Of all the frequently asked questions tossed at writers, in letters, at readings, or in interviews, the reigning champion of frequency remains “Where do you get your ideas?” Now being common doesn’t make a question bad. “How’s it going?” and “You want to get coffee?” can probably stick around. But “Where do you get your ideas?” irks me because it is the wrong question to ask. Ideas for stories abound. They’re an overvalued commodity, as common as dust pollen. If I were to ask you to stop reading this right now (not that I would), and tell you to think up five story ideas, you could probably do about as well as a pro in the same allotted time. So could your neighbor. So could your junior high school gym teacher, and he had all the imagination of a poorly maintained sump pump.
I was watching Carl Sagan’s Cosmos, the other night. It’s one of the few passions from my childhood that still holds up today. On that night’s episode, Sagan illustrated the chances of a technologically advanced society developing somewhere in the Milky Way Galaxy with the Drake equation (bear with me, this is going somewhere):
N represents the number of planets with technical civilizations. R represents the number of stars in our galaxy. The next variable, Fb, represents the fraction of those stars that have planets orbiting them. Ne represents the number of planets that can support life orbiting each star. Fl represents the fraction of those planets on which life actually arises. Fi is the fraction of those planets that produce intelligent life. Fc is the fraction of those planets whose intelligent life manages to produce a technical civilization, and L represents the life span of those technologically advanced civilizations, expressed as a fraction of the planet’s lifetime.
Depending on how you play with the numbers, the Milky Way galaxy may be teeming with technologically advanced societies or it may contain only us. Something similar happens with story ideas, which, like stars in the Milky Way, abound. But only a fraction of them are memorable ten minutes later, and only a fraction of those that are memorable occur to a writer who can take advantage of them, and only a faction of those writers develop the idea into a working draft, and only a fraction of those working drafts go on to become finished works, and only a minuscule fraction of those end up mattering to anyone besides the writer who conceived and developed them. The idea of an office worker who loses the will to keep working has probably come to every office worker who ever sighed staring at a wall. It took Melville to write “Bartleby, the Scrivener.”
So the idea is not the issue; development is. And what must an idea develop into in order to survive?
I’ll turn things over, briefly, to screenwriter Terry Rossio:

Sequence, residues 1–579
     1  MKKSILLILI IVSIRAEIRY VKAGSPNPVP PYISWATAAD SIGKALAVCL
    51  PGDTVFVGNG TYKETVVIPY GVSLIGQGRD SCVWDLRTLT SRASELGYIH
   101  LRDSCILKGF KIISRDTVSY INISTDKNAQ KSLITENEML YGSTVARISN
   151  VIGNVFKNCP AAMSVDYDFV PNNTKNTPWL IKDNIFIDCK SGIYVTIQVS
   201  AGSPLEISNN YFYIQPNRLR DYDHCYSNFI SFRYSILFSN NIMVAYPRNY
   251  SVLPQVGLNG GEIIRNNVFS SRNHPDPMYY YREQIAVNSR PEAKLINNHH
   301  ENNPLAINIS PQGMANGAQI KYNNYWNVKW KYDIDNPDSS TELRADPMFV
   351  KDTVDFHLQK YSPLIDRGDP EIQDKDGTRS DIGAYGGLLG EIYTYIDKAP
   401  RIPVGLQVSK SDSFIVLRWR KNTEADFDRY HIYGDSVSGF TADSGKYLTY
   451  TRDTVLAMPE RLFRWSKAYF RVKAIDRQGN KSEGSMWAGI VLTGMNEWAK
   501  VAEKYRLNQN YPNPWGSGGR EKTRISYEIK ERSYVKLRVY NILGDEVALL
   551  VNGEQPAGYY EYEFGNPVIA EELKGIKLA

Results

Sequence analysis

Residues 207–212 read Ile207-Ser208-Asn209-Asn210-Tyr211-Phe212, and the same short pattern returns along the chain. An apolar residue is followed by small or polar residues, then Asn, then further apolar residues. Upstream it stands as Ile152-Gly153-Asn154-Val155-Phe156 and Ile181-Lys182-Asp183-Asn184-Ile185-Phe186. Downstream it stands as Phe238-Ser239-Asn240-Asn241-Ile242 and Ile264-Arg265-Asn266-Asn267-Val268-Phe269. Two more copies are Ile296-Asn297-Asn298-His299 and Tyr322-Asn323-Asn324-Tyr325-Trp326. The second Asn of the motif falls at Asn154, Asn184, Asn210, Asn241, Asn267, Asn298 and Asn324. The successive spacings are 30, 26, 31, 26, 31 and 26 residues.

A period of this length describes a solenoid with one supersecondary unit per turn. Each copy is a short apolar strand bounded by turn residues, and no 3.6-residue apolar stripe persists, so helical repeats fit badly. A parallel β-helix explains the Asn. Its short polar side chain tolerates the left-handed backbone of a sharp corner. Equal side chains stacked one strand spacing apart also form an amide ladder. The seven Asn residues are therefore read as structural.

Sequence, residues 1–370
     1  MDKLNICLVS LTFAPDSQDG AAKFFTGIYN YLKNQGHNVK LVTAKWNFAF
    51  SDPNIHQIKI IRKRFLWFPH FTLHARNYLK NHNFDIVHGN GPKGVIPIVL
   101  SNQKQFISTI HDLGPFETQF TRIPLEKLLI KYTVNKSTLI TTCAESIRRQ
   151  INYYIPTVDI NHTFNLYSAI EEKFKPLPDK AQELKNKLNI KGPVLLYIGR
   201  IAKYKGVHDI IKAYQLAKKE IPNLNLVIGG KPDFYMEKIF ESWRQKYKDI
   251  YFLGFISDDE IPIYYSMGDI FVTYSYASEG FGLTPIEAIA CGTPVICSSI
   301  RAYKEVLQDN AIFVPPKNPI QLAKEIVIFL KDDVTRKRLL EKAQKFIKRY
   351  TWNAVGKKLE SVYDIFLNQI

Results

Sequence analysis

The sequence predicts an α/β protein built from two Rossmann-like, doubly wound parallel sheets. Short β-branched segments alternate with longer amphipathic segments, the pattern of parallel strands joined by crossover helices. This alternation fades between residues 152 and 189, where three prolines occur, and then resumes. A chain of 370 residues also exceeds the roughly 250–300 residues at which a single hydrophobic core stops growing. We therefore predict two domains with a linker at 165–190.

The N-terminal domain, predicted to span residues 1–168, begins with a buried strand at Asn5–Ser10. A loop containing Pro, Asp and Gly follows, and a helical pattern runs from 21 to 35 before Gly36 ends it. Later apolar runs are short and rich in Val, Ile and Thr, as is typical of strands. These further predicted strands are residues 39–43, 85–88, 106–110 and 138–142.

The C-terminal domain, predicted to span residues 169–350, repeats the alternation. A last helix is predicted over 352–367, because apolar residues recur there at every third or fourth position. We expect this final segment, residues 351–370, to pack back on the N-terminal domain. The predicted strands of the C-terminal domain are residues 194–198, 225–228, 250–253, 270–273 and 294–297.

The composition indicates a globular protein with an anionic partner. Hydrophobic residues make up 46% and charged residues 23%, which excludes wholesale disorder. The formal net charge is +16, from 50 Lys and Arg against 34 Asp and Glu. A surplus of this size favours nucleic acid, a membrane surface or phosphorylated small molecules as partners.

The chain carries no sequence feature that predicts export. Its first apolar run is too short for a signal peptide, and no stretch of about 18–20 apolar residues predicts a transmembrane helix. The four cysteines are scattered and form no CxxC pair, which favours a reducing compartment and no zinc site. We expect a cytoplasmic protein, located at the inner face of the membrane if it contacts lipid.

Audiences love situations. They cannot turn away, they cannot remain passive, they cannot stand to leave a juicy situation unresolved.
Rossio later explains what he means by a juicy situation. It has immediacy, which is to say that whatever’s going on is important right now. It gains this immediacy by having a person there with an imperative, something they’ve got to have because failure means suffering consequences. We can’t look away from people who are going to take serious lumps if they don’t either obtain or avoid something right now.
The first scene of Dismantle the Sun starts with the following situation. Hal Nickerson is at home. His mother-in-law’s flight may or may not arrive soon–there’s a snowstorm–but if she does arrive he has to get the smell of his mistress’s perfume out of the house so the mother-in-law doesn’t catch a whiff. He’s got all the windows open. The house is freezing. Hal’s wife calls from the hospital. When he explains the situation to her, she suggests frying garlic to cover the odor. (She not only knows about the affair, she insisted on it.) Hal follows her recommendation. It works. He shuts the windows. There’s a knock at the door. Who is it? His mother-in-law. Just in time. He opens the door. It’s his mistress, come to get an earring she left behind. She comes in, trailing perfume behind her. Hal’s mother-in-law phones. She’s at the airport and needs to be picked up now.
The situation raises lots of questions for the reader. What is Hal going to tell his mother-in-law when they get home? How will she react? What sort of woman is Hal’s wife that she can convince her husband and her friend to have trysts? What’s going to happen next, and what will it mean?
This is the trick of fiction, to inspire readers to ask urgent questions. It’s why the question readers ask authors shouldn’t be “Where do you get your ideas?” It ought to be “How did you get me to wonder about your idea for 500 pages?” How? We built situations you couldn’t resist. That’s where the art is.
P.S. Here’s Carl Sagan talking about the Drake Equation. You can add it to the things you wonder about today.